Adopted effective temperatures and standard errors (points with error bars) assuming [ Fe/H ] = −0.09. Constraints (1σ) on the effective temperatures are indicated as follows: solid lines – CfA spectroscopy, dotted lines – Strömgren photometry, dashed lines – V-band luminosity ratio.

Open with DEXTER
In the text
thumbnail Fig. 5

Upper panels: detail of the jktebop model fit to the URSA V-band light curve of V1094 Tau around primary eclipse and secondary eclipse. Lower panels: residuals from the jktebop model fit to our light curves of V1094 Tau, as labelled, in the region of the primary and secondary eclipse. For clarity, the residuals are offset in multiples of 0.1 mag. Note that night-to-night offsets calculated as part of the least-squares fits have been applied to the observed magnitudes.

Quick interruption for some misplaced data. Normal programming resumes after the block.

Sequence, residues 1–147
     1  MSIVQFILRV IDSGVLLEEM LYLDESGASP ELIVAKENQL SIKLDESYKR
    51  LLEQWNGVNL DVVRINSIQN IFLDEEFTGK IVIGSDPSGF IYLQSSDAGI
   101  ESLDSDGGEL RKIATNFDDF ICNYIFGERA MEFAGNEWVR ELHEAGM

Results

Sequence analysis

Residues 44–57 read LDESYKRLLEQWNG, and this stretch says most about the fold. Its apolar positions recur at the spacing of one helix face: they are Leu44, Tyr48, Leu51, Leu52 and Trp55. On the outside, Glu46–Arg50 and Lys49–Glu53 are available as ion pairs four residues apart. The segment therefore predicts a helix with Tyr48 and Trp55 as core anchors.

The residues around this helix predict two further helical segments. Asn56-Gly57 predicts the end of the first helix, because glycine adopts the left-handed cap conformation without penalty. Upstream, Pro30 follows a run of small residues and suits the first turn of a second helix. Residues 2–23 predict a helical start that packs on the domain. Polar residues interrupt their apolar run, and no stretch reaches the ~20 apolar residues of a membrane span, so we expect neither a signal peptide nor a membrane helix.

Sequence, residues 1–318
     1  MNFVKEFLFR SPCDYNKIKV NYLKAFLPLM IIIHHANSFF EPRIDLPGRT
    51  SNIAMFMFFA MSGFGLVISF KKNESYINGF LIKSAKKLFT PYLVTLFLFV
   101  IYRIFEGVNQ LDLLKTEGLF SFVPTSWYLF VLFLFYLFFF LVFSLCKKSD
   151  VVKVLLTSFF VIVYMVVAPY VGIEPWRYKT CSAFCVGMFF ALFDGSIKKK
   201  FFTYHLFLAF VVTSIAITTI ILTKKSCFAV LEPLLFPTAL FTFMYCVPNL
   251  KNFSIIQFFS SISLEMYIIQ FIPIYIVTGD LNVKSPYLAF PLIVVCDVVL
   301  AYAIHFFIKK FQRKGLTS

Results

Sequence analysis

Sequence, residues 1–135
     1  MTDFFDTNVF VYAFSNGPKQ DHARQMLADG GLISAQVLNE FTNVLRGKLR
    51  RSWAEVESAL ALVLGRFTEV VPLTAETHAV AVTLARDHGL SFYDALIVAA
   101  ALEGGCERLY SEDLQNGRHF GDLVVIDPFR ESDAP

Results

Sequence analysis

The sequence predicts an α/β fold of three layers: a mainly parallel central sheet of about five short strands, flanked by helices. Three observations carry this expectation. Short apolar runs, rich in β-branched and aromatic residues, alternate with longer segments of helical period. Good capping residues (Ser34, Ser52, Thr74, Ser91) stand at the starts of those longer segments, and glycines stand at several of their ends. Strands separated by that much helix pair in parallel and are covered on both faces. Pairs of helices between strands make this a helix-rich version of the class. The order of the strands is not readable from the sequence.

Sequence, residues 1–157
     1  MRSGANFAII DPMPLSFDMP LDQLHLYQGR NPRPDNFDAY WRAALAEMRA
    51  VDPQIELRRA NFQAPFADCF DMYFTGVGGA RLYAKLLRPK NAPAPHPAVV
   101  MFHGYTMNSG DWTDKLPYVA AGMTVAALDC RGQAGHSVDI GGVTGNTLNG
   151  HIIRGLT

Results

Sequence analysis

Open with DEXTER
In the text
thumbnail Fig. 6

Mass, radius and effective temperature of the two components of V1094 Tau (errror bars) compared to models from Bressan et al. (2012) for various values of the initial metal abundance, Z. The assumed ages are 5.75 Gyr, 6.2 Gyr and 6.6 Gyr for Z = 0.014,0.017,0.020, respectively. The arrow in the lower-left panel indicates the effect of changing the assumed metallicity from [ Fe/H ] = −0.09 to [ Fe/H ] = +0.14. Small diamonds show the model grid points that have been interpolated to produce the isochrones in these plots.

Open with DEXTER
In the text